- Associated Press - Wednesday, August 20, 2014

CHEROKEE, Ala. (AP) - Temperatures in the 90s didn’t faze a group of overseas visitors gathered in a large shed at Isbell Farms.

Some fanned themselves as they gathered in a semicircle around Neal Isbell and his son, Shane, but many others used cellphones or tablets to record information the two Colbert County farmers were sharing.

The group is participating in an international study on technological advances in agricultural production sponsored by the International Fertilizer Development Center. Many of the questions focused on precision agriculture techniques used by many U.S. farmers, including the Isbells.

“I’m hoping to learn from the American experience,” said Yusuf Daraja, of the Kano University of Science and Technology in Nigeria.

Daraja said he wanted to learn about new technology so it could be applied to agricultural systems in his country.

Precision agriculture techniques that include the use of global positioning systems are not used in Nigeria, but Daraja hopes one day they will.

Daraja was interested in precision agriculture for applying nutrients to crops and water management.

Shane Isbell said his father will admit that technology has been the biggest advance in farming in his lifetime.

“What the heck is going to happen in the next 10 years?” Neal Isbell said.

Adoum Ousmane of Chad is also interested in precision agriculture, but from an investment standpoint.

“I’m trying to understand U.S. technology to see if it can be applied in our country,” Ousmane said.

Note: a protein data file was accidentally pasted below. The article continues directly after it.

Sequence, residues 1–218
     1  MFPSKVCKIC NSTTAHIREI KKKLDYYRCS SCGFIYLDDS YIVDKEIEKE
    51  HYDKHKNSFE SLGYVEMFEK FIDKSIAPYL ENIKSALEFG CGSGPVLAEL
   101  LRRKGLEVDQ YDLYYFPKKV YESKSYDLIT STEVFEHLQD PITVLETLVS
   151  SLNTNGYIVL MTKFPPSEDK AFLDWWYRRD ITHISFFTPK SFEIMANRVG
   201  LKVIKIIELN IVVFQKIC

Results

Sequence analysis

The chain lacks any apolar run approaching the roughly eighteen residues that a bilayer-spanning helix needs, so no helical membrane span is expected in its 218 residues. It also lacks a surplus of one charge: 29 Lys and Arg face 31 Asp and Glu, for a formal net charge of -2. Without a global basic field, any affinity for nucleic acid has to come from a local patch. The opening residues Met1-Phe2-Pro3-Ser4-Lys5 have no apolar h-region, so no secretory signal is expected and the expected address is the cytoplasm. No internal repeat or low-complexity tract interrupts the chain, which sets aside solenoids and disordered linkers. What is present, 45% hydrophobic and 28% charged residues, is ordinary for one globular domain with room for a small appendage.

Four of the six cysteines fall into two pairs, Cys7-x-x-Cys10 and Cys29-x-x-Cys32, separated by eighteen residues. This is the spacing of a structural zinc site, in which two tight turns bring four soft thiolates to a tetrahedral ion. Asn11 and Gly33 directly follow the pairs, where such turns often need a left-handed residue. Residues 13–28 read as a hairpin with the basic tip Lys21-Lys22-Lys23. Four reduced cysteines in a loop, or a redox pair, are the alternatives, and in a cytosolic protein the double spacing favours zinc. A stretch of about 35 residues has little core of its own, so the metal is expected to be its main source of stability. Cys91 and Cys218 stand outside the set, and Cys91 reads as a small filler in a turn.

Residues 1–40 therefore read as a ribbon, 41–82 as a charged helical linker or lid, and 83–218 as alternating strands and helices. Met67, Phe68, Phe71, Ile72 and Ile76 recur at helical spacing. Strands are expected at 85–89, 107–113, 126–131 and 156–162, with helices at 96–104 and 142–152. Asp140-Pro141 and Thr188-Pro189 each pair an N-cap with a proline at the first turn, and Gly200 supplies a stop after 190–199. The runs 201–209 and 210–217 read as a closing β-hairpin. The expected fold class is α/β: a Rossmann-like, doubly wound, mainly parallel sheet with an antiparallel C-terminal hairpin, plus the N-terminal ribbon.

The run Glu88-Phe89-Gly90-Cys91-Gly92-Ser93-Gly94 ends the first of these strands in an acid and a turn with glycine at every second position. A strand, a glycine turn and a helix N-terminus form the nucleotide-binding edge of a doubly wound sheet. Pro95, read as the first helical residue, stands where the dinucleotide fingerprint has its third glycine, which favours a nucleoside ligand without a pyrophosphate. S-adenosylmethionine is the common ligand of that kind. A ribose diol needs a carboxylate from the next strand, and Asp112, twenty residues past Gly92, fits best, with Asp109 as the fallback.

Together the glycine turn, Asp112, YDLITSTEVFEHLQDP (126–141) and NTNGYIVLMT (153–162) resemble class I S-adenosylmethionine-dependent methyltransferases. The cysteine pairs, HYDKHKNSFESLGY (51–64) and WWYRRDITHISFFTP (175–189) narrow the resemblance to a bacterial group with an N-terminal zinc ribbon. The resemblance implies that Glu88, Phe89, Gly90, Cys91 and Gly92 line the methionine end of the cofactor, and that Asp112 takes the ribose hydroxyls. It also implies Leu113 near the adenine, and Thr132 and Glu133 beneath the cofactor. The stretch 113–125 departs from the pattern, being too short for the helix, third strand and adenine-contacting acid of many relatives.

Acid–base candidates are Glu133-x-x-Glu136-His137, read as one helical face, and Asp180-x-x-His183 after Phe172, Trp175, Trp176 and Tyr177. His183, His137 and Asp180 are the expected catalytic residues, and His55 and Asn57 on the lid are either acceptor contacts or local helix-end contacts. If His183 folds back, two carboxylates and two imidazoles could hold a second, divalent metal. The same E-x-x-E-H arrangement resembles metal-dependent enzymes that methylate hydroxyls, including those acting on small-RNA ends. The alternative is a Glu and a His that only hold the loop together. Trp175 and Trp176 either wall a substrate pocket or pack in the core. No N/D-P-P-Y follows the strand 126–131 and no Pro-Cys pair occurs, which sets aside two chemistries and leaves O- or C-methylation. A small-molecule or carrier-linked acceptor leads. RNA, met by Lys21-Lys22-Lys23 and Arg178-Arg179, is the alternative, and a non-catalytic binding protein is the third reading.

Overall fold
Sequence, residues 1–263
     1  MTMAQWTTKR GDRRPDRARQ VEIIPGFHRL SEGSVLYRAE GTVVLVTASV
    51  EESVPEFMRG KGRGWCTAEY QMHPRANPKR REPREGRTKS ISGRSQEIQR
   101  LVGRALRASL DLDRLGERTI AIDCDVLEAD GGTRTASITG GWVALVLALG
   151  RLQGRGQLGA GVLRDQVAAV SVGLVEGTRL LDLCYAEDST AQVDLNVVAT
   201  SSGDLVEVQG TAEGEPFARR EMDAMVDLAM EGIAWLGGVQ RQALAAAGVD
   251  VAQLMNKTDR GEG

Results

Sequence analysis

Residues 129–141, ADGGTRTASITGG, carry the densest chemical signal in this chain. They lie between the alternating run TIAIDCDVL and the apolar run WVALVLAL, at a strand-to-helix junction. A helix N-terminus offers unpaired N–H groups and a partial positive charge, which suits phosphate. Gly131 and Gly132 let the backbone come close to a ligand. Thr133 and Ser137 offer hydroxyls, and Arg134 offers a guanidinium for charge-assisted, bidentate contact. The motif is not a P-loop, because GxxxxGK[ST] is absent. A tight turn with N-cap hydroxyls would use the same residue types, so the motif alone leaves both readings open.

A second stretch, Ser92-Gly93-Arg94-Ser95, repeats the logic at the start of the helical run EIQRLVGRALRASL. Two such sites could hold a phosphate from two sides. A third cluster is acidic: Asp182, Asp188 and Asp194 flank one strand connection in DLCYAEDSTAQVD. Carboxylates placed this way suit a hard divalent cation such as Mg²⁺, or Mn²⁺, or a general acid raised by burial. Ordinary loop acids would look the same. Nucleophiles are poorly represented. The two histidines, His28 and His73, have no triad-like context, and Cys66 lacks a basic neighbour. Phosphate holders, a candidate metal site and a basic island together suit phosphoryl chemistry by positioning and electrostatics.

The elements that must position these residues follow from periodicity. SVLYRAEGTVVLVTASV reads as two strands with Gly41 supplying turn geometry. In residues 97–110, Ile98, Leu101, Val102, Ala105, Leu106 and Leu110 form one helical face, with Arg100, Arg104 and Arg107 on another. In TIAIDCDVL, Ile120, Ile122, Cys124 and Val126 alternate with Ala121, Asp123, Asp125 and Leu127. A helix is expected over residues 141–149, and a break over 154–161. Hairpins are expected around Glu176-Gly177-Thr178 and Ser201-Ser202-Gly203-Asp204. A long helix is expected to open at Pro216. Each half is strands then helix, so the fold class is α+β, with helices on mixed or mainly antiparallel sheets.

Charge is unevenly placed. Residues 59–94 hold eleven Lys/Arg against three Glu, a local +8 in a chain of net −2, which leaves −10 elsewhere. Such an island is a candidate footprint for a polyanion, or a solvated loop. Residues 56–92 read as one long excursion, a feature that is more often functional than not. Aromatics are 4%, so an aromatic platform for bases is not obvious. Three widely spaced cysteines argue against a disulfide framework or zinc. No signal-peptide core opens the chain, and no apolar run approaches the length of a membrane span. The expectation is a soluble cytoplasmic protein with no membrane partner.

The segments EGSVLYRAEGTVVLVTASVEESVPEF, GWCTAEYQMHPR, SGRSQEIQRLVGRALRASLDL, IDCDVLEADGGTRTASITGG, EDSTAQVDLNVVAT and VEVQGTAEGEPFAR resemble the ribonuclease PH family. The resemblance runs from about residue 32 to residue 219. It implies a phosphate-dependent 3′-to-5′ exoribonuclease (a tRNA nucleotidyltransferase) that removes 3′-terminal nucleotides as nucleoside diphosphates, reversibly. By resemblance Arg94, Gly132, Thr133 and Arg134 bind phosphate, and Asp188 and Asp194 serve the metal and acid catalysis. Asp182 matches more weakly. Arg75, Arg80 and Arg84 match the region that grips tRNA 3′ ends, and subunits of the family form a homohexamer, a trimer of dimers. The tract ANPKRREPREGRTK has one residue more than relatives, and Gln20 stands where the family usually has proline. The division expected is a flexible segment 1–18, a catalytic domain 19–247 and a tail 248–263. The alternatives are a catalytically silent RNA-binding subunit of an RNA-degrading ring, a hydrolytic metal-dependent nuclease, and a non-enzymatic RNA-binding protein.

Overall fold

The idea is to make farms in Chad more productive through precision agriculture, which is not used in the North African country.

Shane Isbell said precision agriculture is not a money saver, but a money maker.

Ousmane said he would like to see people benefit from their investments while providing more food crops for the country.

John Elliott, of Balance Agri-Nutrients, a 100 percent, farmer-owned cooperative in New Zealand, participated in the tour to learn more about the efficient use of nutrients to help the co-op members get a better return on their investments. He’s using the trip as a fact-finding mission and a chance to network.

Elliott said Isbell was forthcoming with his information and “very humble.”

He said part of the farm’s success is due to the combination of Neal Isbell’s years in farming and his sons’ willingness to embrace technology and apply it to the family’s farming operation. Another son, Todd, is also involved in the family farm.

“Shane can see the value in technology,” Elliott said.

After touring a nearby cotton field, the group headed to Jimmy Sanders Inc. in Town Creek. Established in 1953, the family-owned company is one of the largest agricultural input supply and distribution businesses in the mid-South.

Headquartered in Cleveland, Mississippi, the company specializes in seed production and sales, agricultural chemical distribution, bulk handling of fertilizer and precision agriculture services.

The two-week tour also included visits to Tennessee, Arkansas, Iowa, Missouri and, finally, Washington, D.C.

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Information from: TimesDaily, http://www.timesdaily.com/

Copyright © 2016 The Washington Times, LLC.

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